than its predecessor. It is also a
slightly faster aircraft, allowing a
faster response to incidents.
The Caernarfon crew are one of
the busiest in the UK over the
summer months. They had 580
missions last year, and in June
flew their 4,000th mission.
Police Aviation News
October 2009
17
UNITED STATES
The National Transportation Safety Board has issued 19 recommendations regarding Helicopter Emergency Medical Services (HEMS). These recommendations address various
safety issues including pilot training; safety management systems to minimize risk; collection and analysis of flight, weather, and safety data; flight data monitoring; development of a
low altitude airspace infrastructure; and the use of dual pilots, autopilots, and night vision
imaging systems (NVIS).
HEMS operations include an estimated 750 helicopters, 20 operators, and 60 hospitalbased programs. They transport seriously ill patients and donor organs 24 hours a day in a
variety of environmental conditions. "The pressure on HEMS operators to conduct their
flights quickly in all sorts of environments makes these types of operations inherently more
risky than other types of commercial flight operations," said NTSB Chairman Deborah A P
Hersman. "Operators need to every available safety tool to conduct these flights and to determine when the risk of flying is just too great."For the HEMS industry, 2008 was the deadliest year on record with 12 accidents and 29 fatalities. In response to this increase in fatal
accidents, the NTSB placed the issue of HEMS operations on its Most Wanted List of
Transportation Safety Improvements.
Last February, the NTSB conducted a 4-day public hearing to critically examine the safety
issues concerning this industry and the resulting input guided the recomendations.
The 19 recommendations issued include 10 directed at the FAA to address the issues of
improved
pilot training; collection and analysis of flight, weather, and safety data; flight data monitoring; development of low altitude airspace in infrastructure; and the use of dual pilots, autopilots, and NVIS.
Police Aviation News
October 2009
18
Five recommendations are to public operators to improve pilot training, flight data monitoring; and the use of dual pilots, autopilots and NVIS. An abstract can be found at http://
ntsb.gov/Publictn/2009/AB09-HEMS.htm.
MISSOURI: American Eurocopter has announced that LifeFlight Eagle has taken delivery of a new EC145 that will be exclusively dedicated Children’s Mercy Hospital Critical
Care Transport throughout the region.
The rightly-painted aircraft sports a ‘Just for Kids’ paint scheme that clearly demonstrates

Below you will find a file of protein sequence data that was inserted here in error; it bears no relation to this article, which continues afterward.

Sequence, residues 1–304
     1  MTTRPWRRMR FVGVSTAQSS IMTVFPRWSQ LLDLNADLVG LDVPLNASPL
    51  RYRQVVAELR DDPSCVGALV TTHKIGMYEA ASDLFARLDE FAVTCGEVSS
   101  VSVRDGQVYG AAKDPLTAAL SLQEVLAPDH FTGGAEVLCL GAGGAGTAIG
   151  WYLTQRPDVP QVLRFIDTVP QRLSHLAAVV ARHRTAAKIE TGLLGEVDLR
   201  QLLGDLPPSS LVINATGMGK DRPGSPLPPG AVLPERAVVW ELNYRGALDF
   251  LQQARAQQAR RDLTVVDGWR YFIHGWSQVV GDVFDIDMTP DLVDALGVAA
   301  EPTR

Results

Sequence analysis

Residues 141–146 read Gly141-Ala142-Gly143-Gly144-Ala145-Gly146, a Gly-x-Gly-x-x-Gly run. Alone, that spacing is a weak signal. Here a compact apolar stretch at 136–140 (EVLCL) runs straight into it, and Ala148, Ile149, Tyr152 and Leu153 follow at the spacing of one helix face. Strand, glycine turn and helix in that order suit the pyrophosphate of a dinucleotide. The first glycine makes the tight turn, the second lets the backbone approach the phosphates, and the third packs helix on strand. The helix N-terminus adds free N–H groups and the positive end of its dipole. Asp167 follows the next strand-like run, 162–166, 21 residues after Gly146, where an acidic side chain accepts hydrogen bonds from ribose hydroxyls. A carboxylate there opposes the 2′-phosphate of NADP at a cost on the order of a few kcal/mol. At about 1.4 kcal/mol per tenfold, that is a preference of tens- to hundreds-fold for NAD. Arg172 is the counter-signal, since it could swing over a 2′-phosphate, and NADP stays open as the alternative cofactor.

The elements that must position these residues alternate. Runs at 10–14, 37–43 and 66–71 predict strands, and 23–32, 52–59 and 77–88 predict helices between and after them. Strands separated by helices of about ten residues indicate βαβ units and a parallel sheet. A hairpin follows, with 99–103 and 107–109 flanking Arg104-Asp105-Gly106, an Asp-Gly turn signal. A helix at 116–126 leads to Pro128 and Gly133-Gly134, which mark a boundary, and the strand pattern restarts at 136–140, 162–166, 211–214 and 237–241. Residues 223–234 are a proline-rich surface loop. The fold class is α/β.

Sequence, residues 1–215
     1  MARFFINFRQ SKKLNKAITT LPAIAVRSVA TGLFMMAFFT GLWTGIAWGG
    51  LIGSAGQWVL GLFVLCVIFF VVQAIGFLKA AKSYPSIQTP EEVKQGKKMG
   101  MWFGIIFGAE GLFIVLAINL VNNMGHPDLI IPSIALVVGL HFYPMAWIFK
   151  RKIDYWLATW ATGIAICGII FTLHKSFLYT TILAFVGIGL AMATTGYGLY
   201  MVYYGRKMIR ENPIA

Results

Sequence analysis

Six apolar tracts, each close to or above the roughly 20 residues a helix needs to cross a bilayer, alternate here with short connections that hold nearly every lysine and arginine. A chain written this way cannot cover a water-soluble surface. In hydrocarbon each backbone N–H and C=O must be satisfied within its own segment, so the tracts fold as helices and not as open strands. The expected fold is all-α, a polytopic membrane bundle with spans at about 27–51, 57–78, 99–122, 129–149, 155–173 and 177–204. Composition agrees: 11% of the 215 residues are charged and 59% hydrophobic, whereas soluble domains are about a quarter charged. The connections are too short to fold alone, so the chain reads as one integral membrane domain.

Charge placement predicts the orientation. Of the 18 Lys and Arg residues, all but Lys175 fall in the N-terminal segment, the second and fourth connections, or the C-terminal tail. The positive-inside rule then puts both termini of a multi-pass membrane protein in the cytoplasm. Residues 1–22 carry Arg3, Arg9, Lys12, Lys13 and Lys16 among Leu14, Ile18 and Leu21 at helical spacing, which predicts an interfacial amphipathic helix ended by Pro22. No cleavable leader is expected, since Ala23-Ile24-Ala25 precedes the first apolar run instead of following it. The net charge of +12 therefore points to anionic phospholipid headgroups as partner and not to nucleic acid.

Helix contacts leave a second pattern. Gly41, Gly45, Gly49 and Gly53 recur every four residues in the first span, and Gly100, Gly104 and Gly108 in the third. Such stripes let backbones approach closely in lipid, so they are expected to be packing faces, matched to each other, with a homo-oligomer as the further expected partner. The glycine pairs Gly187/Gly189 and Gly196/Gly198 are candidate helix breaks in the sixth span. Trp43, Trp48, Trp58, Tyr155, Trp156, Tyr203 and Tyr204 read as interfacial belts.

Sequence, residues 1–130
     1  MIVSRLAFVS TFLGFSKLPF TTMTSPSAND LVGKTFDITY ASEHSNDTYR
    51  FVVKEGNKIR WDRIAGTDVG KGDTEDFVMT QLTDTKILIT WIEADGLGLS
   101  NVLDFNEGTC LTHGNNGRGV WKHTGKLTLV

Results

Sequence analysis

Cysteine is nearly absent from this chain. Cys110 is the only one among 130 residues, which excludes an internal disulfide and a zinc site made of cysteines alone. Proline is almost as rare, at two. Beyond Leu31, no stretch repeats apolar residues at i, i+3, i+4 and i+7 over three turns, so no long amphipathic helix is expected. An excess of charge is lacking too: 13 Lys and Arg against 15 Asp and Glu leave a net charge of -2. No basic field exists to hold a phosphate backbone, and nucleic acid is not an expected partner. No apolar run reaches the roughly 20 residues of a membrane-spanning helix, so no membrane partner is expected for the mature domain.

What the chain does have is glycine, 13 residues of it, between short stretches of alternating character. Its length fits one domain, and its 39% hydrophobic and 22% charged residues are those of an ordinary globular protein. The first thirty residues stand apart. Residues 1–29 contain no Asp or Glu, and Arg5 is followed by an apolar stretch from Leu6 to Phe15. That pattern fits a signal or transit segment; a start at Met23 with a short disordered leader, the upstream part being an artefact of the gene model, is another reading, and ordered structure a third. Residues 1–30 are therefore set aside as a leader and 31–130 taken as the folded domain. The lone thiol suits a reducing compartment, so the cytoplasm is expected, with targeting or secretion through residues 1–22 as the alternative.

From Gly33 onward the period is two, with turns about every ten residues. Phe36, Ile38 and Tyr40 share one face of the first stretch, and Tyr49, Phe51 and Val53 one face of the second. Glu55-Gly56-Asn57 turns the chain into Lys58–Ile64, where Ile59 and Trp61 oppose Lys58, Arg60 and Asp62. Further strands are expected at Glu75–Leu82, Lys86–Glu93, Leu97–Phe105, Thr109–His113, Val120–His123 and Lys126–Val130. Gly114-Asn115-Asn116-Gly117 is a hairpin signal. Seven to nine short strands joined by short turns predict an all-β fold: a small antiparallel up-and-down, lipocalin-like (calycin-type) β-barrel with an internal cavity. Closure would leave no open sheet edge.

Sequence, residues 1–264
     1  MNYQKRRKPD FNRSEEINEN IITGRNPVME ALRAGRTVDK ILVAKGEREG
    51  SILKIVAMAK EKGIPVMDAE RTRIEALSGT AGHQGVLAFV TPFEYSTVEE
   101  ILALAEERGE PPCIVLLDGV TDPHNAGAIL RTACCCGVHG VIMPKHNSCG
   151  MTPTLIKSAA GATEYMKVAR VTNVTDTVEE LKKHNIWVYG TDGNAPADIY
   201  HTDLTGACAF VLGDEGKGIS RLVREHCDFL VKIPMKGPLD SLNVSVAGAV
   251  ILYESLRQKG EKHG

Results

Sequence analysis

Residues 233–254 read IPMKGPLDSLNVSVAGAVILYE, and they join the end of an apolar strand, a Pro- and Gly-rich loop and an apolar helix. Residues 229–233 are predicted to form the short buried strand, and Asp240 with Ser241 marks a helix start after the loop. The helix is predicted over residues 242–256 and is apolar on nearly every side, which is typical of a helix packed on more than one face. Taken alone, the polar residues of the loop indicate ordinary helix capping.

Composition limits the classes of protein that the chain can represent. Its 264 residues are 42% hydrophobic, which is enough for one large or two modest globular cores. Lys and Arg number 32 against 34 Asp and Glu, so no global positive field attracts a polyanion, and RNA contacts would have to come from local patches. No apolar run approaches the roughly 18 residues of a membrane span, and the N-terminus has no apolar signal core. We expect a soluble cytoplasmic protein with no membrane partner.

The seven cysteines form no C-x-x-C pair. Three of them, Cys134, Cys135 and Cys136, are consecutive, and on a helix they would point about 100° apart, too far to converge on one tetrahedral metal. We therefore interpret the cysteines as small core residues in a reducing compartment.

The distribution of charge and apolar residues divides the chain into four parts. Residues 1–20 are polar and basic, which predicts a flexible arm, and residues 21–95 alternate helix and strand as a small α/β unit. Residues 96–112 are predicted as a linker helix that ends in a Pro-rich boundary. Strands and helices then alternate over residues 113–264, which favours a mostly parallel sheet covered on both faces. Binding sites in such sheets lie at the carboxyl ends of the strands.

the hospital’s mission of caring for children. The EC145 is equipped with state-of-the-art avionics and can be flown single-pilot IFR. Night Vision Goggles will continue to be used for
night operations.
Children’s Mercy Critical Care Transport has utilized Eurocopter aircraft for many years, relying on the BK117 to fulfill their mission objectives. This EC145 is an upgrade to that model
and it is the first aircraft purchased directly.
Children’s Mercy Critical Care Transport performs over 5,000 transports annually utilising
ground, helicopter, and fixed-wing services. [AEC]
NORTH CAROLINA: Carolinas HealthCare System expects to spend $16.5M to replace part of its ageing medical helicopter fleet.
Plans call for the system to purchase and equip three EC135 helicopters as air ambulances
within 18 months. They will replace three Bell 430 helicopters purchased between 1996 and
2002 at a cost to Carolinas HealthCare $4M to $5M each. A fourth Bell-brand helicopter
may be retained for back-up purposes.
They expect to save $1.3M in operating costs by making the switch. It projects hourly costs
of $761 for the new helicopters 42% below the current operating expenses of the large
type. [Media/AEC]
TEXAS: American Eurocopter has delivered an
EC145 to Trinity Mother Frances Hospital’s Flight
For Life program based in Tyler, TX. The aircraft is
slated for completion at Metro Aviation, based in
Shreveport, Louisiana, where it will be completed
and configured for its EMS mission. The EC145
will replace the organization’s venerable BK-117
and is expected to enter into service during the
first part of 2010.
Trinity Mother Frances Hospital’s Flight For Life
aeromedical program was started in 1985 to fulfill
a need for rapid transportation for patients needing critical care in east Texas. They are based in
Tyler and serve a 150-mile radius covering a 32county area. Flight For Life averages 600 to 700
transports each year. [AEC]
Police Aviation News
October 2009
19
FIRE
UNITED STATES
CALIFORNIA: Weeks before the recent California wildfires started US Forest Service
executives were warned that they risked losing the ability to fight future blazes by air because they had failed to identify a plan whereby the existing fleet of large tankers could be